Beyond that, with the high amount of shipping activity, our coastal areas face threats like erosion and pollution, ultimately leaving them in a vulnerable state. What I hope to see is that there’ll be more protection for all our marine areas to ensure that we preserve and conserve our natural heritage for future generations to come.”
You can reach more people by making relatable content
“Most recently, I made a post on sambal stingray and the threats that stingrays face from overfishing. It got it over 50,000 views which honestly surprised me. After that post was up, I had many people tell me they didn’t know that their seafood consumption would affect marine life and it made them think twice about the actions. Through my platform, I’ve learned that the only way to make a change is to connect with your audience in the most relatable way possible. And for Singaporeans, the best way to their heart is through food. Sometimes, it’s not about what generation you are, but figuring out the best way to reach that target audience.”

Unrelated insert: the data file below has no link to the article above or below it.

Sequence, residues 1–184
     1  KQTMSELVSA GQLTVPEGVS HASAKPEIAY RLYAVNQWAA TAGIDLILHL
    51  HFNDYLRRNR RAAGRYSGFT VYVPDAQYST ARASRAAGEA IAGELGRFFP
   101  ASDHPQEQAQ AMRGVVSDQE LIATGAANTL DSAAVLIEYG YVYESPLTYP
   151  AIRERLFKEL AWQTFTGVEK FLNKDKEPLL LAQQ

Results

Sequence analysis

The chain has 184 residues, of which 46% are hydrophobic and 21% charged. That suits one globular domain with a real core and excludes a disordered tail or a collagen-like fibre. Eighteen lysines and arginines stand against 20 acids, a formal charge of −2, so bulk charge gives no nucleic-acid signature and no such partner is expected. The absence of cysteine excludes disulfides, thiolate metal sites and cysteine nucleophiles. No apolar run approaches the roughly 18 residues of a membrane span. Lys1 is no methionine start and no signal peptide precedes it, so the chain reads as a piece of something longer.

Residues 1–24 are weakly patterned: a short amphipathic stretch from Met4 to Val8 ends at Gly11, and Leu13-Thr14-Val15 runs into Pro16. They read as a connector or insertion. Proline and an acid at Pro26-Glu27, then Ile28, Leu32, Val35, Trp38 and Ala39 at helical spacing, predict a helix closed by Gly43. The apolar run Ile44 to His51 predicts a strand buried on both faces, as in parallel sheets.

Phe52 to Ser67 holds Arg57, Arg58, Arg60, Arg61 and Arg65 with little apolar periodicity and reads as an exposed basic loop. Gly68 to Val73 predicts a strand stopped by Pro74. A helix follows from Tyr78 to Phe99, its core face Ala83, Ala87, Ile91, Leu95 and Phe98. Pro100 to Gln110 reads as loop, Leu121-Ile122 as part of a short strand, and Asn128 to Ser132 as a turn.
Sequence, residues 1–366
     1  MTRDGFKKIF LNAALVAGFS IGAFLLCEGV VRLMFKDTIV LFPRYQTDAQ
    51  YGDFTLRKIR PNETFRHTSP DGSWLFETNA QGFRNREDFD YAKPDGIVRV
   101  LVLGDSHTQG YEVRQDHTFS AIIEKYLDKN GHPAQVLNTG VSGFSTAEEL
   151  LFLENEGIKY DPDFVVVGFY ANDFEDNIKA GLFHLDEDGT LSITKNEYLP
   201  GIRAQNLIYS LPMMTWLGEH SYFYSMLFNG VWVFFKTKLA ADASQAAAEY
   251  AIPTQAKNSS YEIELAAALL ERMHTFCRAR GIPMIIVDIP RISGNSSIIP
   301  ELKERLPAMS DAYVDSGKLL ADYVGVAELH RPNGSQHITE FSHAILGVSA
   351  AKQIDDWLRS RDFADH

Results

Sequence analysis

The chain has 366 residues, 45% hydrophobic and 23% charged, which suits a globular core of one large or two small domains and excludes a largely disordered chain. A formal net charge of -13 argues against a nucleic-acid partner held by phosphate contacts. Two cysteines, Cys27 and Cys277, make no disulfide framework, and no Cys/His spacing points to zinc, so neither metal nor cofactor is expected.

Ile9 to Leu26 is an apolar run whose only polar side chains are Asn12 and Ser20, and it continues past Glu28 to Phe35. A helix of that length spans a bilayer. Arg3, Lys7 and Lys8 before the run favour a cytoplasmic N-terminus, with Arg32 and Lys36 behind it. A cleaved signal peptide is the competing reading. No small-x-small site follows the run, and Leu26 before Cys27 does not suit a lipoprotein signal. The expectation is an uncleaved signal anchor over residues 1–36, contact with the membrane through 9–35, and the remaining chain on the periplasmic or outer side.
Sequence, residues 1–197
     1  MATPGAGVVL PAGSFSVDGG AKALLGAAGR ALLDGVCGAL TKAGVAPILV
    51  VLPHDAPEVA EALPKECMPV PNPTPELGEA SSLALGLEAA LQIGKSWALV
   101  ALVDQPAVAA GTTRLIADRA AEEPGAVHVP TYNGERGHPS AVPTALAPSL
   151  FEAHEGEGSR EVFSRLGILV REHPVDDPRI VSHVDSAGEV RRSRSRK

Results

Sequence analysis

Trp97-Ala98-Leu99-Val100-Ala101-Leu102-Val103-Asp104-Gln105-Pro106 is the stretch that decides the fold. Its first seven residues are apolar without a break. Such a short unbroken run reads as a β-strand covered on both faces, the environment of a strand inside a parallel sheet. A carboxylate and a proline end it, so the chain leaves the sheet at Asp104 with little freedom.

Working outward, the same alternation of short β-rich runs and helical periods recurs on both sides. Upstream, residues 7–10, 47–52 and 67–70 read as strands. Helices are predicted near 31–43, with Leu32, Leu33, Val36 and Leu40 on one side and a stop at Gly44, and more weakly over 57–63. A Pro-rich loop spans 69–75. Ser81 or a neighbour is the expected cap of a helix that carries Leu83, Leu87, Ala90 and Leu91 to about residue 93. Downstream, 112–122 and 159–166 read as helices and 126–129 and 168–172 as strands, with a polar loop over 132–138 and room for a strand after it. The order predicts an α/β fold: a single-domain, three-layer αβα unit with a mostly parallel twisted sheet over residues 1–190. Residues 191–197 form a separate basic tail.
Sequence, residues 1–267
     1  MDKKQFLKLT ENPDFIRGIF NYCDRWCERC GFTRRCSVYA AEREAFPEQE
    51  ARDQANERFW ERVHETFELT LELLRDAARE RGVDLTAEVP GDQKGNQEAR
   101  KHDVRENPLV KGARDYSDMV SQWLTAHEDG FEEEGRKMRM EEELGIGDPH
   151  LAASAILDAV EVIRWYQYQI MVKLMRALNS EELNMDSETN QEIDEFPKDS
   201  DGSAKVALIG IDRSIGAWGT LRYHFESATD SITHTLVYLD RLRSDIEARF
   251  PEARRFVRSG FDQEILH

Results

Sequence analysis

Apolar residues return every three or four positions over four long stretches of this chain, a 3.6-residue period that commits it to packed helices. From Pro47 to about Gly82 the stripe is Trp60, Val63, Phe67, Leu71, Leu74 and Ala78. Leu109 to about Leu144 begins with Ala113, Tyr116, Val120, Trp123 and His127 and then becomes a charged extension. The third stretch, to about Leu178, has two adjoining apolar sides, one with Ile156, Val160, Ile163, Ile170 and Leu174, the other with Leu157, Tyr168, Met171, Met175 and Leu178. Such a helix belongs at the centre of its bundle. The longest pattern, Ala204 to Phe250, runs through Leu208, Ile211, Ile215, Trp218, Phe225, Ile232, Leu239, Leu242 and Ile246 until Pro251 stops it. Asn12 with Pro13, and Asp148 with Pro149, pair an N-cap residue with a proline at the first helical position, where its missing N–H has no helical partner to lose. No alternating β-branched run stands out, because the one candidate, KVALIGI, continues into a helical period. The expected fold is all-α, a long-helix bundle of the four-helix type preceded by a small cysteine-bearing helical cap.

Uplifting messaging tends to be more effective
“It’s somewhat like being in school – think about it, your teacher encouraging you even if you had a bad grade is so much better than a teacher scolding you that you’re going to fail school and get kicked out – that’s how I see you how we should approach conservation issues.
Oftentimes environmental campaigns draw out negative messaging, it can be based on guilt or blame and sometimes it works. However, when there’s positive messaging that’s based on future optimism, who wouldn’t want to get on board? At the end of the day different framing will resonate with different groups but overall being positive is what makes the world go round so I’ll definitely stick to positive messaging.